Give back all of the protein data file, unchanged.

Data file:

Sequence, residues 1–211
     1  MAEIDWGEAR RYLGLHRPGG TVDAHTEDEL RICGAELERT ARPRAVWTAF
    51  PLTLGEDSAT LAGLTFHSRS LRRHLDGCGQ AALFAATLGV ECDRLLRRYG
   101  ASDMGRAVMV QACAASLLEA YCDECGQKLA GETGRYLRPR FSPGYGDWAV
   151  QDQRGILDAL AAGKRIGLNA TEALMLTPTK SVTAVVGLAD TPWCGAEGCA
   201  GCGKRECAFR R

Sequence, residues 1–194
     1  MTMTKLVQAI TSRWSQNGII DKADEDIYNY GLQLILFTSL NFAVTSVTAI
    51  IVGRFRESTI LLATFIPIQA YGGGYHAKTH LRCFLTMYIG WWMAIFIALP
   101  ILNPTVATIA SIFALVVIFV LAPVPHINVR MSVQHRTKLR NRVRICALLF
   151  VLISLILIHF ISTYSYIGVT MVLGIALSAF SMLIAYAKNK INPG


Sequence, residues 1–211
     1  MAEIDWGEAR RYLGLHRPGG TVDAHTEDEL RICGAELERT ARPRAVWTAF
    51  PLTLGEDSAT LAGLTFHSRS LRRHLDGCGQ AALFAATLGV ECDRLLRRYG
   101  ASDMGRAVMV QACAASLLEA YCDECGQKLA GETGRYLRPR FSPGYGDWAV
   151  QDQRGILDAL AAGKRIGLNA TEALMLTPTK SVTAVVGLAD TPWCGAEGCA
   201  GCGKRECAFR R

Sequence, residues 1–194
     1  MTMTKLVQAI TSRWSQNGII DKADEDIYNY GLQLILFTSL NFAVTSVTAI
    51  IVGRFRESTI LLATFIPIQA YGGGYHAKTH LRCFLTMYIG WWMAIFIALP
   101  ILNPTVATIA SIFALVVIFV LAPVPHINVR MSVQHRTKLR NRVRICALLF
   151  VLISLILIHF ISTYSYIGVT MVLGIALSAF SMLIAYAKNK INPG